Very encouraging words to me. What does it sound like to you?

True about St. Margaret’s

Why people don't go to church

Reasons (why people don't go to church) on YouTube

Bishop Jim Mathes (Episcopal Diocese of San Diego) shared this video on his Facebook page with the comment “This is really quite good. It could be describing the Episcopal Church” I agree and pass this video on to you with my comment “It is true about St. Margaret’s.” If you are in the desert, do come and worship with us on a Sunday.

The Video: Reasons (why people don’t go to church)


Our ministry

Thinking about ministry today. Thinking about the Great Commandment and the current perception of Christians and their purpose in life.

Disclaimer: I accept the truth of a seemingly widespread perception about Christians and Christianity, and I am doing my best and encouraging others to do their best to not only understand the words and works of Jesus, but to live them out in 21st Century America in order to change the misperception so widely shared among our neighbors.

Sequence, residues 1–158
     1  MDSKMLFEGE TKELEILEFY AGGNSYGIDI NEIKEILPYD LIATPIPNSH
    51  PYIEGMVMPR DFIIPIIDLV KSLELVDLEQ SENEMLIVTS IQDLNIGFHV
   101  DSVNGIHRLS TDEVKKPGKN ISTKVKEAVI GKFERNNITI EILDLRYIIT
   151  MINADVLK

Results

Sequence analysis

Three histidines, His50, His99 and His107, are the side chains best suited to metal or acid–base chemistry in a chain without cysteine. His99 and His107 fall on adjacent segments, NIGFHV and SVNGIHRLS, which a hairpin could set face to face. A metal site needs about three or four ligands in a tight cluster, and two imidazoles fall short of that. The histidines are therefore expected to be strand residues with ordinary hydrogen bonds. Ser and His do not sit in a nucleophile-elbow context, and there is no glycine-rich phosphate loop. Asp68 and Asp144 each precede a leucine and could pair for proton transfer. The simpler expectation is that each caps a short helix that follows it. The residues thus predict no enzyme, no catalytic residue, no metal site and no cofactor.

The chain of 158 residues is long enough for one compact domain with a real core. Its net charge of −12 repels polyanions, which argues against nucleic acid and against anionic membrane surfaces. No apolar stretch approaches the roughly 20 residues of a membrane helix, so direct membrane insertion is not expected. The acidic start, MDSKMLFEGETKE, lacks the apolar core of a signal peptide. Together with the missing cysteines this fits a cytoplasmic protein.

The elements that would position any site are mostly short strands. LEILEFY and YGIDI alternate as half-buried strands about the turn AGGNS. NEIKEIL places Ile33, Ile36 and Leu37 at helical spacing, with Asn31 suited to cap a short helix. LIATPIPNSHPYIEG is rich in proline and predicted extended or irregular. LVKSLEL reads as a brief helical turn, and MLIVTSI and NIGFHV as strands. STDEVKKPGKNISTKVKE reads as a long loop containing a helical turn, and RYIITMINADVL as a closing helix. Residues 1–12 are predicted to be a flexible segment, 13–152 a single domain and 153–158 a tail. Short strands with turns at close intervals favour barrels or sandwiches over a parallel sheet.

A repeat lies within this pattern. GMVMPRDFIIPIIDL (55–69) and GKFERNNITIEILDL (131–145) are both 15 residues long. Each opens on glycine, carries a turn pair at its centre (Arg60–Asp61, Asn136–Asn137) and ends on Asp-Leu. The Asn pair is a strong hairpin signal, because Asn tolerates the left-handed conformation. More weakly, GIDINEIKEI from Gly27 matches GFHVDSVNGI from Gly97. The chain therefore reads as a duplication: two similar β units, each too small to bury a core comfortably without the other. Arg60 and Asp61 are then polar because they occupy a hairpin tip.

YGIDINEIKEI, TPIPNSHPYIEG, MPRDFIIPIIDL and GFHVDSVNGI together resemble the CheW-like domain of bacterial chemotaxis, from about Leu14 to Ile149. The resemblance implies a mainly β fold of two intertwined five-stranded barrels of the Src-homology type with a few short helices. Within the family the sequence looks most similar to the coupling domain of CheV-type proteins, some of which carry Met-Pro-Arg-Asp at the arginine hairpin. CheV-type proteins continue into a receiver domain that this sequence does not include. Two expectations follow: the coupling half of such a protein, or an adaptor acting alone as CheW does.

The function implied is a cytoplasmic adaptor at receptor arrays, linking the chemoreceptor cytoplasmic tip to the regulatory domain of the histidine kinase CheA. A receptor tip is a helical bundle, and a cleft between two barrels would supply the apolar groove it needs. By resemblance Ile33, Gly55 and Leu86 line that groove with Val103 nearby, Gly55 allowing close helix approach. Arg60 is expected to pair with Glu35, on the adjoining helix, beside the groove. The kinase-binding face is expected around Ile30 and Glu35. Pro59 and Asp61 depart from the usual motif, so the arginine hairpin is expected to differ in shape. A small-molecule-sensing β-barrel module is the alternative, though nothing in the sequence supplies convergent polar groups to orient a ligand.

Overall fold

I grew up in the Roman Catholic Church. As a child I was quickly and firmly introduced to the Baltimore Catechism and its Question and Answer format about faith and practice as a Roman Catholic. Not so pleased at the time to have to memorize questions and their answers the process has served me well by providing a starting point for conversation, for exploration, for meaning-making in my life. So it is that I am predisposed to return again and again as an Episcopalian to An Outline of the Faith contained in the Book of Common Prayer (pages 845-862).